When you’re writing up your docs, you just need three things:
- What - Description of what the tool/system is
- Why - Explanation of why it’s needed.
- How - How is it implemented, and an overview of how it works.
Each point isn’t particularly detailed but it touches on each part at a very high level. Each section’s (What/Why/How) usually around a few paragraphs long so it doesnt have to be massively indepth.
By this I mean the actual README in the repo itself.
Whether it’s your Puppet repo or an in-house written tool, you’ll want to write a README to give you a deeper understanding of how it works, and how to utilise it.
The Wiki will then act as a centralised, over-arching documenatation platform which is your first point of call for reference. The individual wiki pages then point you to the relevant README’s to give you a deeper understanding.
Ultimately the Wiki helps you gain a base understanding and then points you in the right direction.
I also use Wikis as a way to make a note of typical issues and the solution to them. This then means that I can just search for the error mesage or issue and find the solution quickly without having to remember everything. This then also helps prevent the issue of being a single point of faulire, the SPOF being you and your knowledge of the issue.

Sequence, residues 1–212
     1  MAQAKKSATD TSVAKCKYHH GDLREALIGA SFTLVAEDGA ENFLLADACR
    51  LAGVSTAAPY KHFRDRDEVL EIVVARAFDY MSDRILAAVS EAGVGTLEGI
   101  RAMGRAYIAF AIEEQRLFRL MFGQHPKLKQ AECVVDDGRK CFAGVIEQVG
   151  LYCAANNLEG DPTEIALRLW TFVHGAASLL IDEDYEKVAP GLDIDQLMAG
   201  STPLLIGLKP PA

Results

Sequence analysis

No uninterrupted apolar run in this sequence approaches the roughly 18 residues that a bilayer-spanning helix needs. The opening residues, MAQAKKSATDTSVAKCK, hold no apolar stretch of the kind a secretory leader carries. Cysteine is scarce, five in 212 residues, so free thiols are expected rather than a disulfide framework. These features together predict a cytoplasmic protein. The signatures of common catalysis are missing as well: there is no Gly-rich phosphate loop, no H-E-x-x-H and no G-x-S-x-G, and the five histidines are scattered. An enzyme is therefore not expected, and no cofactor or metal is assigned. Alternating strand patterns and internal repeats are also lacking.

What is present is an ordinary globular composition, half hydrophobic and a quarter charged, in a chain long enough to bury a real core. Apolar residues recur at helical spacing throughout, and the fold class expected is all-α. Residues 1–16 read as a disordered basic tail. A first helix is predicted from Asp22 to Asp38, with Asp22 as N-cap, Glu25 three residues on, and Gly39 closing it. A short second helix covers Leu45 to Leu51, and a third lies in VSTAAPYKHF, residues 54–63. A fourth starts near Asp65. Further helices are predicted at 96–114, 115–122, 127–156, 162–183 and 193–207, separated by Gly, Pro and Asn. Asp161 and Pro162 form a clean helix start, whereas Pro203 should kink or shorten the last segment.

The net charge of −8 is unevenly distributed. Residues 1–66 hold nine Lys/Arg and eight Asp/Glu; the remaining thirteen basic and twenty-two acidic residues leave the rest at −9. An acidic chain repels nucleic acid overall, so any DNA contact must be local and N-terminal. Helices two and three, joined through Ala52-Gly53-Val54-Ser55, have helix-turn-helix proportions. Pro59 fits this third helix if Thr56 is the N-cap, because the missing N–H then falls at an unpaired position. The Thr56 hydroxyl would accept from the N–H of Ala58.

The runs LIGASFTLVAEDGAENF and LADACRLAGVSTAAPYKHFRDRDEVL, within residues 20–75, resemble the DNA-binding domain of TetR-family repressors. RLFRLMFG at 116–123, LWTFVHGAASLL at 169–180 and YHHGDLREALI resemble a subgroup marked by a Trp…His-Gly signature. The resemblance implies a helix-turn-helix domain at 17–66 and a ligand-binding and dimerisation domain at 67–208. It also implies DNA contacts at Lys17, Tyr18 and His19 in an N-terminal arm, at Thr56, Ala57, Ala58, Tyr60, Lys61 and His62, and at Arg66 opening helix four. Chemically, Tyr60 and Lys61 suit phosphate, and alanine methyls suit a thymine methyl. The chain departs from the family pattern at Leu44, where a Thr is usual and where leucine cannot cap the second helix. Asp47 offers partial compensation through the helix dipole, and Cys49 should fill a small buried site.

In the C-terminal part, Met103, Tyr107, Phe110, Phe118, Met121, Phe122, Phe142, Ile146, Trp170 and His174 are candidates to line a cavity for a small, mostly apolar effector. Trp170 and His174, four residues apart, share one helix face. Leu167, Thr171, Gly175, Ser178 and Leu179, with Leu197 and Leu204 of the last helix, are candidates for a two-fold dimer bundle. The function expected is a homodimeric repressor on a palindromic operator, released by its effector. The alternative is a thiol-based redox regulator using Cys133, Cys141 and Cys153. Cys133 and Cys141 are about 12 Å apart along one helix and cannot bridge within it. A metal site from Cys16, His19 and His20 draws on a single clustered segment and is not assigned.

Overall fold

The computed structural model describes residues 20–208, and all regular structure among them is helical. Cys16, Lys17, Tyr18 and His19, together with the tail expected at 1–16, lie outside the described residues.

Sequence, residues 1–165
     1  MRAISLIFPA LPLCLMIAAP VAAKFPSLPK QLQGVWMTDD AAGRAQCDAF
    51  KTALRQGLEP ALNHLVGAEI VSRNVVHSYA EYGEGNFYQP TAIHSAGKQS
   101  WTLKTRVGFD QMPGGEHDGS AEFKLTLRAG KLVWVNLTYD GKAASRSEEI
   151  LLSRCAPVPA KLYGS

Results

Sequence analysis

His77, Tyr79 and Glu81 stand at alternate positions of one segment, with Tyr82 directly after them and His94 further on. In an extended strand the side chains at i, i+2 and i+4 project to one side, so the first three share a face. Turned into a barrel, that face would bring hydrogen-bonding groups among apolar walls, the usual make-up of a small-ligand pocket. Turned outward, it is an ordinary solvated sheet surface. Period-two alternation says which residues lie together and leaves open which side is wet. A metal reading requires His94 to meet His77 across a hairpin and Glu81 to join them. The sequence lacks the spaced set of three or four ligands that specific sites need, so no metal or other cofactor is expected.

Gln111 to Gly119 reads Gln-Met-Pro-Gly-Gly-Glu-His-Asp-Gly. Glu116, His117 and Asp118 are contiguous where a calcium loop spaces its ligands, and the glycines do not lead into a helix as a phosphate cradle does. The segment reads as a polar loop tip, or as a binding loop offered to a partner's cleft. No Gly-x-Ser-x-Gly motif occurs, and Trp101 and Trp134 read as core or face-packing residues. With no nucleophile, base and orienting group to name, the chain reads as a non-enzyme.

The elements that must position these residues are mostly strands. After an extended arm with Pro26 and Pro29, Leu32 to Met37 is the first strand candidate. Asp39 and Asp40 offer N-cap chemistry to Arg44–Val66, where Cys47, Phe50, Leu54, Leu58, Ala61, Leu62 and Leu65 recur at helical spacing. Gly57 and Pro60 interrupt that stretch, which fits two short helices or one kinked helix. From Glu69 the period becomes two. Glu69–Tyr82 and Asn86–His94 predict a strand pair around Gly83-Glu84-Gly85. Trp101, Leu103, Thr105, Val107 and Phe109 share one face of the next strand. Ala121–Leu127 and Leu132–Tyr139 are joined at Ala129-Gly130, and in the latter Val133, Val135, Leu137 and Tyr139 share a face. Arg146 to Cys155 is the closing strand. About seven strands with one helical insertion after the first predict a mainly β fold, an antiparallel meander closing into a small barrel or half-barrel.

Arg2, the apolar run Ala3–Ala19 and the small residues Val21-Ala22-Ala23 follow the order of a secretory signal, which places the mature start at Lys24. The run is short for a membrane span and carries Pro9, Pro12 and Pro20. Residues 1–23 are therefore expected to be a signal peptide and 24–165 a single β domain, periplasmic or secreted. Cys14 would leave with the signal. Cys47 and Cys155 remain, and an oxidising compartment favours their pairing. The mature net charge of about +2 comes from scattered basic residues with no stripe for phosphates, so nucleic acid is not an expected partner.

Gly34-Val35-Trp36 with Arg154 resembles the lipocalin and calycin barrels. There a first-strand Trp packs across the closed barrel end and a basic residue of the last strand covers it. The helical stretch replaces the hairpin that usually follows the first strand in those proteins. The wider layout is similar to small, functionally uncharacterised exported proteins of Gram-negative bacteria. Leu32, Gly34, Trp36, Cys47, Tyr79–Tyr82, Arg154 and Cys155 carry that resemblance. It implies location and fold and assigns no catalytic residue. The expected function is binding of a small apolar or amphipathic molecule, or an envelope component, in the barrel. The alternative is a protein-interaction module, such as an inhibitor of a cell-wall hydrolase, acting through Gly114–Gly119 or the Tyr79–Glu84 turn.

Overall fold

Ultimately my memory sucks and it helps remedy this by noting it down and sharing the knowledge.
Document as you go
As obvious as it sounds I’ve found the easiest way to document, is as you go. Typically once I have finished writing a new tool or implementing a new system, I write up the accompanying README/Wiki while it’s fresh in my mind.
If you keep this mindset, your documentation base will grow as your infrastructure does and everything will be covered in some sense. It’s very easy to get lazy and not do this however, you’re not only stuffing yourself but you’re also going to be causing your team issues further down the line too.
A fair few times I’ve had conversations around documentation and the same reservations come up, the main one being “But it just goes out of date!". Granted, yes it will but this doesn’t mean you should never do any! If not for your own sanity, think of the others around you. This then means you need to document smarter, not less e.g. a light Wiki and README relationship.
Another argument I hear is “But the code is documentation!". Again, in a way yes, but what if the tool is written in Scala and I’m a Python guy. Are you expecting me to understand the innards of the tool/system when I can barely understand the language it’s written in? The Documentation around it, whether it’s in the README or the Wiki should just tell me what it does, not what each function or method does. I want to have an understanding of what it is and it’s components at a glance.
All in all I’m in favour of documentation (as you may have gathered), but it’s just a case of keeping on top of it, and implementing it in a sane fashion as outlined above.